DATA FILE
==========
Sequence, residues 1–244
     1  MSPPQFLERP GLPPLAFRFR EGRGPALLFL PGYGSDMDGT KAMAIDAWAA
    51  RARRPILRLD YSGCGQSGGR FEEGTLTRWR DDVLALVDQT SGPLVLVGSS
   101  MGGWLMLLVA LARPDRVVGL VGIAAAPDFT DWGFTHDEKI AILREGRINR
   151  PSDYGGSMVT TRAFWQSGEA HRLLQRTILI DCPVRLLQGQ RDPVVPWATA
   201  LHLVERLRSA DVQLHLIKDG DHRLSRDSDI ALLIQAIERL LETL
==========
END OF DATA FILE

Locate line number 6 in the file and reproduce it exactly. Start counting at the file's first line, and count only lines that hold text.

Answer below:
   201  LHLVERLRSA DVQLHLIKDG DHRLSRDSDI ALLIQAIERL LETL